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Lock-in and quasiperiodicity in a forced hydrodynamically self-excited jet

Published online by Cambridge University Press:  11 June 2013

Larry K. B. Li
Department of Engineering, University of Cambridge, Trumpington Street, Cambridge CB2 1PZ, UK
Matthew P. Juniper
Department of Engineering, University of Cambridge, Trumpington Street, Cambridge CB2 1PZ, UK
E-mail address:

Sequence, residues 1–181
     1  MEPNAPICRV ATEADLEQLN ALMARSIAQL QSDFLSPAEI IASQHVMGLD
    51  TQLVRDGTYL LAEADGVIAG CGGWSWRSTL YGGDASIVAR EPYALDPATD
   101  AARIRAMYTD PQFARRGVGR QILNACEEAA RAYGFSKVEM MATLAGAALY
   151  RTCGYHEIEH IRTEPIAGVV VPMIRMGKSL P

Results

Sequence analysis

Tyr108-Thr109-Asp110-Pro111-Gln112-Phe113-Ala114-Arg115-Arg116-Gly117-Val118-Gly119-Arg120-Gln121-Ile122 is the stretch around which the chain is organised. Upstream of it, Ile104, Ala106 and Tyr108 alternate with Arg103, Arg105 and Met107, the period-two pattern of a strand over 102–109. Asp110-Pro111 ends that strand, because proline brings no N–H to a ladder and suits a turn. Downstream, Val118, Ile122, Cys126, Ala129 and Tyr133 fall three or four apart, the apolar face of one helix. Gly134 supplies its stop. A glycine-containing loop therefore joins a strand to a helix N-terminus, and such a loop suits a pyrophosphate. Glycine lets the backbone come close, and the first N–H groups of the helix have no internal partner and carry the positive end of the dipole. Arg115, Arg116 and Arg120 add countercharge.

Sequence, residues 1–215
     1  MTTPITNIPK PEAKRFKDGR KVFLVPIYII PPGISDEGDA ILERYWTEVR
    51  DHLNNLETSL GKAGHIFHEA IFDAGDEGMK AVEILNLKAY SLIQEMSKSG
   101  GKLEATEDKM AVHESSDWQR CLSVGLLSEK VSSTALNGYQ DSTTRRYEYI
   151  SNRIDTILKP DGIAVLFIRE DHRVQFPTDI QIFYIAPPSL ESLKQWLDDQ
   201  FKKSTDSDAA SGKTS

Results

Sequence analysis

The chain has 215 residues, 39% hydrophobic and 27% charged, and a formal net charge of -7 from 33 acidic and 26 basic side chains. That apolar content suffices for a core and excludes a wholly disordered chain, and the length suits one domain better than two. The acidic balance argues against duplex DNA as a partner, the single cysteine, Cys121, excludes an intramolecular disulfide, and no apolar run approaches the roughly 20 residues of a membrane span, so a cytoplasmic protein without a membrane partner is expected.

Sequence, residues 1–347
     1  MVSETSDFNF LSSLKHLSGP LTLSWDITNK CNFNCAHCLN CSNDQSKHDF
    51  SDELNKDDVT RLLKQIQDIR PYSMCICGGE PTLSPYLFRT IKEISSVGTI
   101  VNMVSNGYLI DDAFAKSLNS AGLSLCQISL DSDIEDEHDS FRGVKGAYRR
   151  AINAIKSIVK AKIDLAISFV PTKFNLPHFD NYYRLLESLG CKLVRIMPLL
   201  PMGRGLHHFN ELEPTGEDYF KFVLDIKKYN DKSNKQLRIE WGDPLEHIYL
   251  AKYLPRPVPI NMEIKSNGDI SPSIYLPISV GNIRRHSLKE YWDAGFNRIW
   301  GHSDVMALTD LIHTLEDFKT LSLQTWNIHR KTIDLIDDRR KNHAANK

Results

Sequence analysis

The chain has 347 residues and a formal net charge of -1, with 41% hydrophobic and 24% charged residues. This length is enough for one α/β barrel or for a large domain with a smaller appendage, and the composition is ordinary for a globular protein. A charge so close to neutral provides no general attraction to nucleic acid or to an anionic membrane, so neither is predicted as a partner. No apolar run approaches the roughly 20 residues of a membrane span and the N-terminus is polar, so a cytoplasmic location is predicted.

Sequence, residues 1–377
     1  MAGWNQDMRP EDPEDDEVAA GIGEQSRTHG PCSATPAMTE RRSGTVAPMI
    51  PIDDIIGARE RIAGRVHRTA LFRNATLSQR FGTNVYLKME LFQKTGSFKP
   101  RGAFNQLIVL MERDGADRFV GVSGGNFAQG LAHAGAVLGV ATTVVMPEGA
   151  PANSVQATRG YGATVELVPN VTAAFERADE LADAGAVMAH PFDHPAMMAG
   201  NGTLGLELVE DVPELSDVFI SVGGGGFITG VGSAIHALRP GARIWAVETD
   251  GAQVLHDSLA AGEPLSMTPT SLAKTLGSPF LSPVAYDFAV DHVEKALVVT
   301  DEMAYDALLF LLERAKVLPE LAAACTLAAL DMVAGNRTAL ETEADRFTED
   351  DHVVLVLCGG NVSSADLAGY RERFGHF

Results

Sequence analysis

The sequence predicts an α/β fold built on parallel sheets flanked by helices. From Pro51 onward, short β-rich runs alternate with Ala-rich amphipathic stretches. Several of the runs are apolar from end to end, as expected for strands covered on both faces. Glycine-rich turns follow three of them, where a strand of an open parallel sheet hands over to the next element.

The ability of hydrodynamically self-excited jets to lock into strong external forcing is well known. Their dynamics before lock-in and the specific bifurcations through which they lock in, however, are less well known. In this experimental study, we acoustically force a low-density jet around its natural global frequency. We examine its response leading up to lock-in and compare this to that of a forced van der Pol oscillator. We find that, when forced at increasing amplitudes, the jet undergoes a sequence of two nonlinear transitions: (i) from periodicity to ${ \mathbb{T} }^{2} $ quasiperiodicity via a torus-birth bifurcation; and then (ii) from ${ \mathbb{T} }^{2} $ quasiperiodicity to 1:1 lock-in via either a saddle-node bifurcation with frequency pulling, if the forcing and natural frequencies are close together, or a torus-death bifurcation without frequency pulling, but with a gradual suppression of the natural mode, if the two frequencies are far apart. We also find that the jet locks in most readily when forced close to its natural frequency, but that the details contain two asymmetries: the jet (i) locks in more readily and (ii) oscillates more strongly when it is forced below its natural frequency than when it is forced above it. Except for the second asymmetry, all of these transitions, bifurcations and dynamics are accurately reproduced by the forced van der Pol oscillator. This shows that this complex (infinite-dimensional) forced self-excited jet can be modelled reasonably well as a simple (three-dimensional) forced self-excited oscillator. This result adds to the growing evidence that open self-excited flows behave essentially like low-dimensional nonlinear dynamical systems. It also strengthens the universality of such flows, raising the possibility that more of them, including some industrially relevant flames, can be similarly modelled.

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